Objective: To determine whether there is an age-specific incidence of hospitalized cases of Shaken Baby Syndrome (SBS) that has similar properties to the previously reported "normal crying curve," as a form of indirect evidence that crying is an important stimulus for SBS.
Design and setting: The study analyzed cases of Shaken Baby Syndrome by age at hospitalization from hospital discharge data for California hospitals from October 1996 through December 2000.
Patients: All cases of children less than 18 months (78 weeks) of age for whom the diagnostic code for Shaken Baby Syndrome (995.55) in the International Classification of Disease, Ninth Edition, Clinical Modification was assigned.
Results: There were 273 hospitalizations for SBS. Like the "normal crying curve," the curve of age-specific incidence starts at 2-3 weeks, has a clear peak, and declines to baseline by about 36 weeks of age. In contrast to the normal crying curve that peaks at 5-6 weeks, the peak of SBS hospitalizations occurs at 10-13 weeks.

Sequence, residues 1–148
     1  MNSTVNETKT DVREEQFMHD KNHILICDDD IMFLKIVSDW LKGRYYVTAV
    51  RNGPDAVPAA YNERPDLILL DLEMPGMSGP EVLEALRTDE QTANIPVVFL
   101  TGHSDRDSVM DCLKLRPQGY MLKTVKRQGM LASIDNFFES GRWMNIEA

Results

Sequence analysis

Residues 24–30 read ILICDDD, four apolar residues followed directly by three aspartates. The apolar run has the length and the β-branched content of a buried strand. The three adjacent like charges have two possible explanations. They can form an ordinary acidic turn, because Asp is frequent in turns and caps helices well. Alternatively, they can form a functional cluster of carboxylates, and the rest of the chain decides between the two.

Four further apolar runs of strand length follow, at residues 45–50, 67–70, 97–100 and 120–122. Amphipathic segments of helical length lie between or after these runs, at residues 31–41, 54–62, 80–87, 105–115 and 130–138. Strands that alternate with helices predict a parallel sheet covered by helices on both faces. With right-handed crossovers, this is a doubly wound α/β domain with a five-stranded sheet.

Conclusions: The age-specific incidence curve of hospitalized SBS cases has a similar starting point and shape to the previously reported normal crying curve but the peak occurs about 4-6 weeks later. Of the likely predisposing causes, this pattern is only consistent with the properties of early crying. There are numerous explanations for the lag in the peaks between crying and SBS hospitalizations, including the possibility of repeat shakings prior to hospitalization. The importance of crying as a stimulus to SBS may provide an opportunity for preventive intervention.